The British have already arrived in northern France. In fact, they started swarming in more than five years ago, goggling at every tumbledown farmhouse with a scrawled a vendre sign nailed to the gate.
They were so cheap] And the tunnel was bound to push up prices, wasn't it?
For a few years UK buyers came by the boatload, wallets bursting from second-mortgages on their main homes. By the peak of the boom in 1989 they had invested around pounds 150m on French property, according to the Banque de France.
Then came disaster. Interest rates soared, redundancies proliferated and prices crashed. 'It's a buyers' market out there now around the mouth of the tunnel in Picardy and Somme,' says Alistair Williamson, a Hampshire-based agent who specialises in French property.
'Prices have come down as much as 20 per cent and there is an enormous amount of property available.'
Those crowds welcoming travellers are not friendly Frenchies but UK owners hoping they can finally unload their burden of bricks and mortar - or columbage and thatch.
But Frank Rutherford, another experienced Channel-hopping agent, says that as the tunnel opening gets closer - and the UK property scene looks more healthy - some sellers may be finding the task much easier.
'We are busier than at any time for the last three years,' he says. The hunt for weekend retreats is hardening up prices, and while there is still too much property around for increases, at least values have stopped falling.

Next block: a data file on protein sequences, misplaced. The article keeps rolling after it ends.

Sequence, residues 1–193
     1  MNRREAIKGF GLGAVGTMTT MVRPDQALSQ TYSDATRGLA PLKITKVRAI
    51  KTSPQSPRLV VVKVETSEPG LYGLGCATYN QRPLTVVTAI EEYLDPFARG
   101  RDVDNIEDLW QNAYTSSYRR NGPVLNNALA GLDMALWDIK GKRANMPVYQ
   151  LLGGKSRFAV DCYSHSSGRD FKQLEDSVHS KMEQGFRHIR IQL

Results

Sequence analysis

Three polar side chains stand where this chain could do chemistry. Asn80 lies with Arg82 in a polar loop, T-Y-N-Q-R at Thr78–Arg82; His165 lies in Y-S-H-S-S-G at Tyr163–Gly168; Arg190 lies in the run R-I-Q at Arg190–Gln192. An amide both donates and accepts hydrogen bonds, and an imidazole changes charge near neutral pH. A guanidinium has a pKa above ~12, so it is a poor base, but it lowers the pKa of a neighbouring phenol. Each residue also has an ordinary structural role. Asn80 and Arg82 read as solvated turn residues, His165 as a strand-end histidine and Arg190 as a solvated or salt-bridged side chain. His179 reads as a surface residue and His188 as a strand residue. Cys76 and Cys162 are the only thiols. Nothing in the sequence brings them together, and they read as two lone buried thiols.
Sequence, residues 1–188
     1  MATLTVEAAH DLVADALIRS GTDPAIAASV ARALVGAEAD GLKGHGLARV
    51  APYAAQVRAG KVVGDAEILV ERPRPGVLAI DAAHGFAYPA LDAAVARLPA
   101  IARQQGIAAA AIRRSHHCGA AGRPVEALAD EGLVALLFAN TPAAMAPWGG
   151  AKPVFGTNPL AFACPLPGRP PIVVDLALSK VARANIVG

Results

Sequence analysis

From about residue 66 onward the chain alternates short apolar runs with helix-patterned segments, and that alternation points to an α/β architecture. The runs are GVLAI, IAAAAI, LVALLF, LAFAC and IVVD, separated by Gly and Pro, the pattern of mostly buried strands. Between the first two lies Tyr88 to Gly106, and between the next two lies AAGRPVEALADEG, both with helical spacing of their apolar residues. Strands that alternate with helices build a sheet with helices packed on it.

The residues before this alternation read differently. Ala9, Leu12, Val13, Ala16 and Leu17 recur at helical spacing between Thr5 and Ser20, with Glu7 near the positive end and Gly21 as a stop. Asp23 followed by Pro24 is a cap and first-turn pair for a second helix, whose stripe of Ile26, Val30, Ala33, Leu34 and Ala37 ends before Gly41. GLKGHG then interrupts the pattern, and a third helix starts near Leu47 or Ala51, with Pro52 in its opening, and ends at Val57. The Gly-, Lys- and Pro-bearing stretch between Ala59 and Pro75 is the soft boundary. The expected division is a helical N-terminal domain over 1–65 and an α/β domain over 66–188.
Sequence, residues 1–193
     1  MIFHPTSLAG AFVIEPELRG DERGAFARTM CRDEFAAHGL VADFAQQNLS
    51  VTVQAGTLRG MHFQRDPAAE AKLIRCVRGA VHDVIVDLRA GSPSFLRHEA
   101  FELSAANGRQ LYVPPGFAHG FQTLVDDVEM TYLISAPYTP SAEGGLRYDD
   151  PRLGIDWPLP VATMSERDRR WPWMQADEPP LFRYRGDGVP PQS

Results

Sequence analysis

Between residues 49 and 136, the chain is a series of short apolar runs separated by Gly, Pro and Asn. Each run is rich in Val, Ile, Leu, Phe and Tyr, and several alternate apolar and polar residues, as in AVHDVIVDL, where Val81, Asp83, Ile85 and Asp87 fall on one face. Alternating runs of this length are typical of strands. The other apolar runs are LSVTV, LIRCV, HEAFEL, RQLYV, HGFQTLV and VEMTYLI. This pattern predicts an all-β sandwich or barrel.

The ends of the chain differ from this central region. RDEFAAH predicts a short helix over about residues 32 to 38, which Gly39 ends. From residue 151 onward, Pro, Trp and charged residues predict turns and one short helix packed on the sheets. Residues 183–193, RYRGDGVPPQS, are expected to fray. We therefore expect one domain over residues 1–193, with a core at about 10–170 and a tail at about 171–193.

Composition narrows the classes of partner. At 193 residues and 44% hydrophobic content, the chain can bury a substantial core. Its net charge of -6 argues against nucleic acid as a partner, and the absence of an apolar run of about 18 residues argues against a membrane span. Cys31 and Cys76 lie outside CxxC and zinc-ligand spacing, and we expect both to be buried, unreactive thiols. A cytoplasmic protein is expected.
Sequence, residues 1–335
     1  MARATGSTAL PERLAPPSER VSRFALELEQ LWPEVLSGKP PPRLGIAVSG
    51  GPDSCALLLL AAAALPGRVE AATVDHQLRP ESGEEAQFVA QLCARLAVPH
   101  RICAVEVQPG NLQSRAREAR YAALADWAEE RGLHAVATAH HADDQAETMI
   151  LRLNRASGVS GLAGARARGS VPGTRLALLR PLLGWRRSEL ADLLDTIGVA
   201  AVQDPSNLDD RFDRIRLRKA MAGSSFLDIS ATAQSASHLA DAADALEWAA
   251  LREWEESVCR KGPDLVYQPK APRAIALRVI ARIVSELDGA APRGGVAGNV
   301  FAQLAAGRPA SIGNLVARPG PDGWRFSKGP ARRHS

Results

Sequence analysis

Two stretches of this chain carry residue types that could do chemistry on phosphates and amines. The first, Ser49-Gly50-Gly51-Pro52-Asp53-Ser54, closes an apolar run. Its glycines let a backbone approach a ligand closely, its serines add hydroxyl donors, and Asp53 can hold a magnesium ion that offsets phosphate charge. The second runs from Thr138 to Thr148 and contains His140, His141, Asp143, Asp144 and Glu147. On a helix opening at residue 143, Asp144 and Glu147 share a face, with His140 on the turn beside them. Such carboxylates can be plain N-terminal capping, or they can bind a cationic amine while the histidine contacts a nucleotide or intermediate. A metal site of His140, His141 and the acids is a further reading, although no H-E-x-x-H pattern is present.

Property is no longer cheap, however, in the popular area up to 20 miles inland and along the Pas de Calais. 'You will need to spend pounds 30,000 on a two-bed farmhouse and perhaps pounds 50,000 on one close to shops and good roads,' says Mr Rutherford.
For the classic tumbledown cottage so beloved of the British - and shunned by the French - buyers must head west into Normandy and Brittany.
This is too far from the tunnel for quick visits, relying chiefly on more ponderous ferries for access. Buyers tend to be looking for something a bit bigger where they can spend more than the odd weekend, and perhaps rent out to help meet costs.
'You can still find an old farmhouse with a bit of land around Avranches and Alencon for pounds 15,000 - although it will cost as much again to do up,' says Mr Rutherford. Competition is much less intense because Normandy is so vast - the equivalent of travelling from Manchester to London.
Average prices are around pounds 20,000 to pounds 25,000 for these DIY dreams, however. 'You can live in a place going for this money while doing it up - just the sort of thing the British like,' he says.
A more important reason than the tunnel for buying now is that the French economy is lagging behind the UK by around 18 months.
'But the banks are supporting property owners and buyers rather than pulling the rug,' says Mr Williamson. Loans are available for between 60 and 70 per cent of the purchase price at rates around 8.75 per cent spread over 20 years. He recommends Credit Agricole as a good source.
Buying from British sellers can also wipe out any dis advantage from the post-EMS devaluation, says Mr Rutherford, as they merely want to get their sterling price back. One disadvantage is that these homes are usually more expensive than those being sold by the French.
Contacts: G A K Williamson 0962-734999; Rutherfords 071 386-7240.Reuse content